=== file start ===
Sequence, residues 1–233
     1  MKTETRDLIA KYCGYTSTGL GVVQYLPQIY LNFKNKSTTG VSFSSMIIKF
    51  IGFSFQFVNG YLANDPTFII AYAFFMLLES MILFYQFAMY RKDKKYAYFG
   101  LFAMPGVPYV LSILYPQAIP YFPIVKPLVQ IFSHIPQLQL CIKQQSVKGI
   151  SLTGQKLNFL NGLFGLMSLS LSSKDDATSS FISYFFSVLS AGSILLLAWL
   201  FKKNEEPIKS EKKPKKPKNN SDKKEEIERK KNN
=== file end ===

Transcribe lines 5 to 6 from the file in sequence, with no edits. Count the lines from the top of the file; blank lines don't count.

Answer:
   151  SLTGQKLNFL NGLFGLMSLS LSSKDDATSS FISYFFSVLS AGSILLLAWL
   201  FKKNEEPIKS EKKPKKPKNN SDKKEEIERK KNN